NH Republican Ex-Marine Wants to Defend Gay Marriage

Which part of that headline doesn’t make your head explode?

Craig Stowell, an ex-Marine and co-chair of Standing Up For New Hampshire Families, has rounded 117,000 signatures on an online petition to urge New Hampshire lawmakers to reject new legislation that would define marriage as between a man and a woman.

I think (in fact, I know) I can speak on behalf of the majority of Granite Staters when I say, yawn.

It seems like these challenges crop up once every few years around the country, and they always seem to be backed by doomsday conservative religious groups who want to make super triple sure that everyone’s cool with the whole gay marriage thing. They ought to tack the following phrase onto each of these bills: “Just in case, you know, you changed your mind.”

New this time: A prophesy from Rep. Gregory Sorg, R-Easton, who is apparently asking his fellow legislatures to fear the future. “Some societal changes take generations to manifest themselves,” he said in a comment to the Union Leader.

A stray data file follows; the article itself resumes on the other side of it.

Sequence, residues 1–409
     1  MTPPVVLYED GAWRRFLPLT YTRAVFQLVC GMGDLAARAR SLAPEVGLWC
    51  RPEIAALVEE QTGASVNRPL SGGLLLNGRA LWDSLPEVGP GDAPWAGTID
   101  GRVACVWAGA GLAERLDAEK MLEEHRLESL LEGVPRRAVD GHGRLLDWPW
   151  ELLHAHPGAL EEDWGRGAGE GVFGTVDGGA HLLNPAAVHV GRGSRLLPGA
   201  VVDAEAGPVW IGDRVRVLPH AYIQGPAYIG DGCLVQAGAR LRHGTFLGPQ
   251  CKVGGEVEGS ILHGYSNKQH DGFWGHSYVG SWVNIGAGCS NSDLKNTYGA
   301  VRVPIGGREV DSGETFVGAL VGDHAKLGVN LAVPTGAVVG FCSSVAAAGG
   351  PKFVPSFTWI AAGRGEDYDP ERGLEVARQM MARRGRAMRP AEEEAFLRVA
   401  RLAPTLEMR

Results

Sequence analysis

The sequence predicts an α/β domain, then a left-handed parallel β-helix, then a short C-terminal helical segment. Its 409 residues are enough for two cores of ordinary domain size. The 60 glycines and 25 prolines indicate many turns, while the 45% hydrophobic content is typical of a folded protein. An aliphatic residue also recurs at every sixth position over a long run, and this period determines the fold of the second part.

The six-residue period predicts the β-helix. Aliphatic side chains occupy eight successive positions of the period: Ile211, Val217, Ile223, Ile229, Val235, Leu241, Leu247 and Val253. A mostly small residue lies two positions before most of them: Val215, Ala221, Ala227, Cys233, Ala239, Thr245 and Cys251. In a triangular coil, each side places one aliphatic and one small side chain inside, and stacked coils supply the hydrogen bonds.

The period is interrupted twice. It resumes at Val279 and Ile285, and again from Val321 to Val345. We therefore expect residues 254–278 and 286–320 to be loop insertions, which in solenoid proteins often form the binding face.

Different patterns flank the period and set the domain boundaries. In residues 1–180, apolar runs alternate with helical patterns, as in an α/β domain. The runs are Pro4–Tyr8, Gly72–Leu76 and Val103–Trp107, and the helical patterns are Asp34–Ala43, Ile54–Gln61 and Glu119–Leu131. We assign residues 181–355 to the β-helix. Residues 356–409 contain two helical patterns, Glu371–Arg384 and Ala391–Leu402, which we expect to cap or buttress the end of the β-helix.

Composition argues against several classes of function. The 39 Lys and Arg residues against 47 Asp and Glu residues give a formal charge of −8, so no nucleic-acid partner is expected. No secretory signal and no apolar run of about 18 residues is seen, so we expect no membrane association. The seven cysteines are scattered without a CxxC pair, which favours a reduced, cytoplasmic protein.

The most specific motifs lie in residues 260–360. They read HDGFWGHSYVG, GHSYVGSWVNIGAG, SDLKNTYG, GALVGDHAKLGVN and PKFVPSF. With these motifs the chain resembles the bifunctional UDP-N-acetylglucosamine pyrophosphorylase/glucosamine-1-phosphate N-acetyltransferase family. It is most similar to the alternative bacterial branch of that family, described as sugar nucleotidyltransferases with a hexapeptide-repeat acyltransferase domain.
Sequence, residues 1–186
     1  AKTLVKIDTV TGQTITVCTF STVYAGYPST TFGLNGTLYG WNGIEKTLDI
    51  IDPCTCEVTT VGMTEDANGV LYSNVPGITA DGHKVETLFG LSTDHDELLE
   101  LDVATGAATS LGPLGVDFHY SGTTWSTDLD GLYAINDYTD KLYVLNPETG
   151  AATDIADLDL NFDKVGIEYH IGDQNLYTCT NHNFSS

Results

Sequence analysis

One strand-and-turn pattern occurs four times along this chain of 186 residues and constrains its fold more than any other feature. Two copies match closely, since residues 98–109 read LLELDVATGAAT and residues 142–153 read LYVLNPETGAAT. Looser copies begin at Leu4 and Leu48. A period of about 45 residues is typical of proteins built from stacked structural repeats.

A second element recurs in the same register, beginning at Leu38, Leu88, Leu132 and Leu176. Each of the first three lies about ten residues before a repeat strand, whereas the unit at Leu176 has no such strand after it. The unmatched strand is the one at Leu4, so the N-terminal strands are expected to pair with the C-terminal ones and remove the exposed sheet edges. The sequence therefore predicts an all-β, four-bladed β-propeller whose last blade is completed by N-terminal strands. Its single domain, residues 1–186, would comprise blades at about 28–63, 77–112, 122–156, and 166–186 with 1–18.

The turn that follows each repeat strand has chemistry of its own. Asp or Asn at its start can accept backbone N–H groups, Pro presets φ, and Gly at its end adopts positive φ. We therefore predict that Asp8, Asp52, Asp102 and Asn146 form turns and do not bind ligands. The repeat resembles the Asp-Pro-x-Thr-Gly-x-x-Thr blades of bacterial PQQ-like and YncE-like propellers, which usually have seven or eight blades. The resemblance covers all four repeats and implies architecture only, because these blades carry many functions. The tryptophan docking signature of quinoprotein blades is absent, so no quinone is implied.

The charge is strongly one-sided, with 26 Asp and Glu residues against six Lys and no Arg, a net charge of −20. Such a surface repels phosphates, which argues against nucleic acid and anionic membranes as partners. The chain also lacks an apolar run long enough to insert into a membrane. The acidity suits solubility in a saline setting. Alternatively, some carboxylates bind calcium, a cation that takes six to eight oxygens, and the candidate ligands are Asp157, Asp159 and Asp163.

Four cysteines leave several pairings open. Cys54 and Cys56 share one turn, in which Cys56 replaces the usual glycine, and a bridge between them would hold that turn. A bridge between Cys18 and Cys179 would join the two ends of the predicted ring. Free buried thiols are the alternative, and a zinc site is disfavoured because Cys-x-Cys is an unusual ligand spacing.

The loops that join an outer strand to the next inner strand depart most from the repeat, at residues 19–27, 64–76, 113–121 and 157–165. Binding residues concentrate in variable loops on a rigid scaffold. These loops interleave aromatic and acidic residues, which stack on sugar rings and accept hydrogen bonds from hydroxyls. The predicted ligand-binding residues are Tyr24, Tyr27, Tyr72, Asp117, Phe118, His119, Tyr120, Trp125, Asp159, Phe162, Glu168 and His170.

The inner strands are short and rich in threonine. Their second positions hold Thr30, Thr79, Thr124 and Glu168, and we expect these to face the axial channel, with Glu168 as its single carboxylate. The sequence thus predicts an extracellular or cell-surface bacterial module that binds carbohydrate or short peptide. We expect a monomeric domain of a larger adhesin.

The latest effort, which the NH legislature could take up as early as this week, seeks to rollback the law allowing gay marriage in the state, which went into effect in January 2010. (Read the full text here.)

The challenger is Craig Stowell, whose brother Calvin was subject to ridicule because of his sexual identity while he was growing up. Stowell’s hope is pretty simple: “When I enlisted in the Marines, I took an oath to defend freedom and liberty, and now I’m defending my brother’s freedom here at home,” he said in a statement. “When my wife, Berta, and I were married, Calvin was right there by my side as my best man. I want the opportunity to be his best man when he finds the person he wants to marry.”

And though the thought of a Republican soldier becoming the face of an anti-anti gay marriage agenda seems odd, the truth is that gay marriage is gaining wide acceptance across the country. In addition to the six states that now allow men to marry men and women to marry women, the general sentiment among the voters has steadily tipped in favor same-sex marriage.

In a nationwide poll conducted in late 2011 by ABC News/Washington Post , 51 percent of those surveyed said same-sex marriage ought to be legal, while 45 percent thought it should be illegal (4 percent were unsure, and the margin of error was 3.5 percent).

That sounds like a pretty strong voice in support of gay marriage. Maybe some day legislators will hear it.